Purity and Power
Purity and Power
At our Christmas services, I sit right by our orchestra and choir. There are usually around fifty musicians in the orchestra and ninety in the choir – all members of the congregation volunteering their time and gifts. I’m not at all musical. In fact, I’m virtually tone deaf. However, I am always stunned by the beauty of the marvellous music and singing. It is a foretaste of heaven.
The apostle John writes, ‘And I heard a sound from heaven like the roar of rushing waters and like a loud peal of thunder. The sound I heard was like that of harpists playing their harps. And they sang a new song before the throne’ (Revelation 14:2–3). The heavenly orchestra and choir will sing a new song before a heavenly audience.
John goes on to describe the completed church in heaven – their purity and their power. The two are connected. As Pastor Rick Warren has tweeted, ‘In ministry, private purity is the source of public power.’
Purity and the powerlessProverbs 31:1–9
‘Leaders can’t afford to make fools of themselves’ (v.4, MSG). King Lemuel was a leader who had been given wise teaching by his mother. She had warned him against impurity (v.3) and intoxication (vv.4–7).
These can ruin (v.3) your life. They can leave you forgetting what you should be doing (v.5a) and deprive the powerless of their rights (v.5b).
Instead of using your power to indulge in self-gratification, use it for good: ‘Speak up for those who cannot speak for themselves, for the rights of all who are destitute. Speak up and judge fairly; defend the rights of the poor and needy’ (vv.8–9).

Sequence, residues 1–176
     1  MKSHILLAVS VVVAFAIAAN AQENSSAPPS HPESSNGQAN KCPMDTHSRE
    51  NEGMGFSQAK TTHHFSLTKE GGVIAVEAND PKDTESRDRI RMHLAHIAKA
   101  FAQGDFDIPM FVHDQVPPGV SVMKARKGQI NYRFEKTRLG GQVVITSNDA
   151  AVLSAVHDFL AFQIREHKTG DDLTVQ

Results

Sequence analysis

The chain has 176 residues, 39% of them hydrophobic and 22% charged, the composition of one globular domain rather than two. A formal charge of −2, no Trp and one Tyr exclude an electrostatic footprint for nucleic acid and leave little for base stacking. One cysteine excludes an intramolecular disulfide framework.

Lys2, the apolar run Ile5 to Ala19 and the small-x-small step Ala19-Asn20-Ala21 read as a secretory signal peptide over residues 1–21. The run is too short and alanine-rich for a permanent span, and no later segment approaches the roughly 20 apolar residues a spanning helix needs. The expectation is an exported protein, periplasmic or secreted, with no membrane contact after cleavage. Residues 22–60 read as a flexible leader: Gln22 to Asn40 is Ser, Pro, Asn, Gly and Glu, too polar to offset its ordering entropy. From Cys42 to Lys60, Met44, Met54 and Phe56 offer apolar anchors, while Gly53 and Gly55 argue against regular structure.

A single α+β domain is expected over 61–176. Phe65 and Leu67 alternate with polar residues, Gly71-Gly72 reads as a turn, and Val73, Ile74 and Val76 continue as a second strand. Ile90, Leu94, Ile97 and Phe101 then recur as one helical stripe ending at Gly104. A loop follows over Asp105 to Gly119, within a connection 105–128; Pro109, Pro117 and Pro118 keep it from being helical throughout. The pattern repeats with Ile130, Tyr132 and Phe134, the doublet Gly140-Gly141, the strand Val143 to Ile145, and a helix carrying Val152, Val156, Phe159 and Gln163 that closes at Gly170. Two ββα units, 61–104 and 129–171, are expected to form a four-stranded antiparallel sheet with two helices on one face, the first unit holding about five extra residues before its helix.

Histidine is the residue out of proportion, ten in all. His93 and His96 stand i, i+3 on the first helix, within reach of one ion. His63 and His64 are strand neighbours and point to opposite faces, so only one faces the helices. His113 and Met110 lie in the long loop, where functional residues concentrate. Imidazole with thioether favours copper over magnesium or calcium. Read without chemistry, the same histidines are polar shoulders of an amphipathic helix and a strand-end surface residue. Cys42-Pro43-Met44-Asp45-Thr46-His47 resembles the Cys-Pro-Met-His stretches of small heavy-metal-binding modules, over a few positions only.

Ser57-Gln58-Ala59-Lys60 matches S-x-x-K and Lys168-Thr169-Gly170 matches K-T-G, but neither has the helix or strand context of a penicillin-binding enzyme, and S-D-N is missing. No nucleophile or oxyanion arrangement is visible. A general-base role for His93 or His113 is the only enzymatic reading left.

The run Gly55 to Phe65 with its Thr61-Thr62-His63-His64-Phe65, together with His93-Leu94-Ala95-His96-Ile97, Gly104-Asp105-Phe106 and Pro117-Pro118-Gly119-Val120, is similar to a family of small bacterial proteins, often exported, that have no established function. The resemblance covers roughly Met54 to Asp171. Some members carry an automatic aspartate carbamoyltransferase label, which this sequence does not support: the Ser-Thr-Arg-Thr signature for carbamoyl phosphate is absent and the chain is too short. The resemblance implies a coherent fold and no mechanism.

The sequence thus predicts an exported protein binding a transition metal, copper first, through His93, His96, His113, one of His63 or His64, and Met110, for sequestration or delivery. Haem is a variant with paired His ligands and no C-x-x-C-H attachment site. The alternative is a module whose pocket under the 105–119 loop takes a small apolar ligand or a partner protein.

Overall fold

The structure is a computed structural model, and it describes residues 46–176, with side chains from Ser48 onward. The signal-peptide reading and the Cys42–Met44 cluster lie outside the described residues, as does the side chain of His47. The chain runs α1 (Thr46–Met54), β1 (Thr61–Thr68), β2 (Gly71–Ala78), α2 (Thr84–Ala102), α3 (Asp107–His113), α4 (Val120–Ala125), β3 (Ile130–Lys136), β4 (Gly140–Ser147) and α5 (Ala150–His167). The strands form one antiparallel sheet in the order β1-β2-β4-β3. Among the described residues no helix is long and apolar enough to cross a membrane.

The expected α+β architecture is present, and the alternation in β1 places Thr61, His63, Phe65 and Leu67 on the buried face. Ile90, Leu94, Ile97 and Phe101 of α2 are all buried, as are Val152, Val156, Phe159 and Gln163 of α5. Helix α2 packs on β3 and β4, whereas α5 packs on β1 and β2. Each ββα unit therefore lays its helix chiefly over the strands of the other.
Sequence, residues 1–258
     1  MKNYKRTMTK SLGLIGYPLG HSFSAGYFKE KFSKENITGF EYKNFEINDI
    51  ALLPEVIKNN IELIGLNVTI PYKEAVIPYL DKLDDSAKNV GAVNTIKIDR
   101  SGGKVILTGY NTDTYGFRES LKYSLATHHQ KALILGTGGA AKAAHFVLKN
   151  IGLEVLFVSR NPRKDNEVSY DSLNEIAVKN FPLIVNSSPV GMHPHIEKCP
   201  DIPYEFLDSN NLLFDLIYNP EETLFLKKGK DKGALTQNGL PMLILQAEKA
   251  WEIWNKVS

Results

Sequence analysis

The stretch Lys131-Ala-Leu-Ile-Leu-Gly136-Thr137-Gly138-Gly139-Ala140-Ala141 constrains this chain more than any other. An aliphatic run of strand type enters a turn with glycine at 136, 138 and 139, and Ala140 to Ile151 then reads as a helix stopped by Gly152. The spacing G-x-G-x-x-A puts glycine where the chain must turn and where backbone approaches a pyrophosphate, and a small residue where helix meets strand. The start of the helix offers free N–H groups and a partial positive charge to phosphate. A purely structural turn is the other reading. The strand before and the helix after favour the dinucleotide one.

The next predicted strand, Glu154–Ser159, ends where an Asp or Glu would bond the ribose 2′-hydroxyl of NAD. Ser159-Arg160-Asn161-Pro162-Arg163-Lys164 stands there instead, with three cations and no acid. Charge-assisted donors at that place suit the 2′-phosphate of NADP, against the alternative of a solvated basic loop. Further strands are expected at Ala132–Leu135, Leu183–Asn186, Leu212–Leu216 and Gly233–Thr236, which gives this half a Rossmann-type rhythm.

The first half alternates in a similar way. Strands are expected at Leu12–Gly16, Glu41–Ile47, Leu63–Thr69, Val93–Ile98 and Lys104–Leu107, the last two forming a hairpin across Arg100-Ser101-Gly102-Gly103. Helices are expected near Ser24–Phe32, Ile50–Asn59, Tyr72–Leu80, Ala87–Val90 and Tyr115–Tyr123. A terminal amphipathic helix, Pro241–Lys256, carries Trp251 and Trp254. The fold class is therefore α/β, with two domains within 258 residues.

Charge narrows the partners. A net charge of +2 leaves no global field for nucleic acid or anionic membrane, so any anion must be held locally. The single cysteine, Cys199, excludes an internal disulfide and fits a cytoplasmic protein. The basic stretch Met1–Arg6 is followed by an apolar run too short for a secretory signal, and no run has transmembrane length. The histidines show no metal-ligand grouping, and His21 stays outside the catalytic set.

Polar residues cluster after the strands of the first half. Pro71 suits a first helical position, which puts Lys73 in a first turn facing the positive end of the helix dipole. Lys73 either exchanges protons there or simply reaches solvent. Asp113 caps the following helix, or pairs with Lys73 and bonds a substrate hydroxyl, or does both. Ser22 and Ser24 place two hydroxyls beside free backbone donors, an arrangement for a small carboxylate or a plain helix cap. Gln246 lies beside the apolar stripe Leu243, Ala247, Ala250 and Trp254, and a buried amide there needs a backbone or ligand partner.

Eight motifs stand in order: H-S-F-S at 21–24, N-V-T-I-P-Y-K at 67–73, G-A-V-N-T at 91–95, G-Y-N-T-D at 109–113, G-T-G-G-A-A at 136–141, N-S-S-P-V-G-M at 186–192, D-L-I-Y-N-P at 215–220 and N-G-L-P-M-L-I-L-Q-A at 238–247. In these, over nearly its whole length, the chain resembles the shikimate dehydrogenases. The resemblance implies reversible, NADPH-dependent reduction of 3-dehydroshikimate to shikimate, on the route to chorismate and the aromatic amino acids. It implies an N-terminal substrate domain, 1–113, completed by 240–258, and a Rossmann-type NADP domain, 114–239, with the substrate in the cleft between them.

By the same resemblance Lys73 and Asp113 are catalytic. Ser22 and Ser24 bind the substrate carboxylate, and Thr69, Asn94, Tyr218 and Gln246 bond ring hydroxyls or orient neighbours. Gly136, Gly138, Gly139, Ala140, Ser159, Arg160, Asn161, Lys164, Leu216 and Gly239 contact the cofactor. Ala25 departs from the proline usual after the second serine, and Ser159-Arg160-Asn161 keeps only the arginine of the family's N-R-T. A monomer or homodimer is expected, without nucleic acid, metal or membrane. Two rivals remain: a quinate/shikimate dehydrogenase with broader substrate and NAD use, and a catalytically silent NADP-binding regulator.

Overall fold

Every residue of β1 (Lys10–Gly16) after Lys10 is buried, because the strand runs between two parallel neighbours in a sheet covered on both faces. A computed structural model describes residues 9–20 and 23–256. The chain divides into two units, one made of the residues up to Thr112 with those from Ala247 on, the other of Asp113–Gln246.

Who are the voiceless in our society who ‘cannot speak for themselves’? Who are the people that you and I should be speaking up for? They will surely include the following:
About 10% of the world’s population go to bed hungry every night. Every few seconds, poverty takes a child’s life. Today, and every day until we act, thousands of children die of avoidable diseases or because they live in poverty. Millions under the age of five die every year. Over half of these early child deaths are due to conditions that could be prevented or treated with access to simple, affordable interventions. They are the ‘poor and destitute’ (v.9, MSG).
There are probably now more slaves globally than at the height of the transatlantic slave trade. Human trafficking enslaves millions of people around the globe, many of them under the age of eighteen. Slavery is a terrible injustice. ‘Speak up for justice’ (v.9a, MSG).
Those in the womb have no voice of their own. The journalist, Nigella Lawson, who describes herself as ‘pro-abortion’, has written, ‘If anecdotal evidence is anything to go by (and I suspect it is), [abortion] is becoming more and more a value-free, post-facto alternative to contraception.’ Yet few people have the courage to speak up for the unborn today – who have ‘no voice’ (v.8a, MSG).
Many around the world are in prison unjustly and even those who are in prison justly are often treated inhumanely. But the vast majority are in no position to ‘speak for themselves’ (v.8a).